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Drift Diver Specialty

Drift Diving

An explanation with tips for the new drift diver.


Drift diving is a great way to see a lot of marine life in a short period of time, while coasting across the ocean floor.  And once you have the process down, drift diving can be one of the most relaxing experiences you can have underwater.

The process of a drift dive generally goes like this:

Arrival at the Dock
Unload your gear, show certification cards, sign waivers, and load your equipment on the boat.  The smart boat diver sets their gear up while the boat is secure, and stationary at the dock, and enjoys the ride out.  Stow your gear in as compact of a footprint as possible....boats have limited space, and there is not much room for spreading out.

Listen to the Briefing from your Captain
Every drift diving boat has a different protocol for exiting and entering the boat.  Listen carefully during the briefing to ensure that you are familiar with the boat's procedures.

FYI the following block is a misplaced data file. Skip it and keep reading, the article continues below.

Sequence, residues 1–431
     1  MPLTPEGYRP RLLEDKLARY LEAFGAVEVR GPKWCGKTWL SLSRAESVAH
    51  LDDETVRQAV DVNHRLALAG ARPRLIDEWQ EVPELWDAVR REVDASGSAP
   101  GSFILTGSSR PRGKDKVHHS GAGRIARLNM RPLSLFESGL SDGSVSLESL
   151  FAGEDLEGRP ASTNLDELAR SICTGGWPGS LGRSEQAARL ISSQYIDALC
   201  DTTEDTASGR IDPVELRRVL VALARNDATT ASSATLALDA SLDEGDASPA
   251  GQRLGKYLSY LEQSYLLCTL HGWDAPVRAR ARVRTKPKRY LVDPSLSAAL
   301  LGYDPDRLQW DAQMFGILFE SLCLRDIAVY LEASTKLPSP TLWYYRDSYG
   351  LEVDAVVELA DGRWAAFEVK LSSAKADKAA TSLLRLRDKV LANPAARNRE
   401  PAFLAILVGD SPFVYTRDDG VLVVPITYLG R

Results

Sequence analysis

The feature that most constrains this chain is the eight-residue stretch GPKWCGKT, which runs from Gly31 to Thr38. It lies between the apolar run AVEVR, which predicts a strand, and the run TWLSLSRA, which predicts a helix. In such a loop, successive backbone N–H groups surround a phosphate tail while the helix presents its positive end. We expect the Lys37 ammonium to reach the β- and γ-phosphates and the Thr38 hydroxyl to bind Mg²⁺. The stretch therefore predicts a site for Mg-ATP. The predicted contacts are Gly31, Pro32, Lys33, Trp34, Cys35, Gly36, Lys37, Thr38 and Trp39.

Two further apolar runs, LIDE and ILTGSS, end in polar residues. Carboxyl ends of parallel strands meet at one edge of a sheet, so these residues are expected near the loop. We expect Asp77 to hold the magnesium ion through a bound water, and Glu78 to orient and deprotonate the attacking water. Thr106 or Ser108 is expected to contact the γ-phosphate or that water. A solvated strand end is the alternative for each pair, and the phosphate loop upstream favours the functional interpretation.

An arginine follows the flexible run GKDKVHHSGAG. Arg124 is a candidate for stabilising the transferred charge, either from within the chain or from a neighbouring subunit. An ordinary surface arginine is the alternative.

General Procedures for Exiting
On many dive boats, a drift dive will go like this.  This captain will give a 10 minute warning as he approaches the dive site.  This is your cue to don your wetsuit, defog your mask, and get into your gear.  Sit down on the bench and get into everything, including your fins.  The captain will ask if everyone is ready.  If you are not, say so!  It is better to take a minute to get yourself together than to delay the group when entering the water.  The crew will appreciate this.  Ensure that you have adequate weight and air.  Check the operation of your equipment, and get ready mentally for the dive.

The captain will usually yell something dramatic, like "Dive, Dive, Dive" or "The Pool's Open".  That is your cue to stand up, and shuffle toward the back of the boat.

As you near the stern and it is time to exit the boat, you will likely be doing a giant stride entry.  Hold on to your mask and regulator with one hand.  Place some air in your jacket to ensure that you have adequate buoyancy once you hit the water, and make your giant stride.  Whatever you do, DO NOT HOLD ON TO THE BOAT.  Ensure that you stride clear of the boat and join the group of divers.

There are some important points that the new drift diver needs to know:

1.  Preparation is important.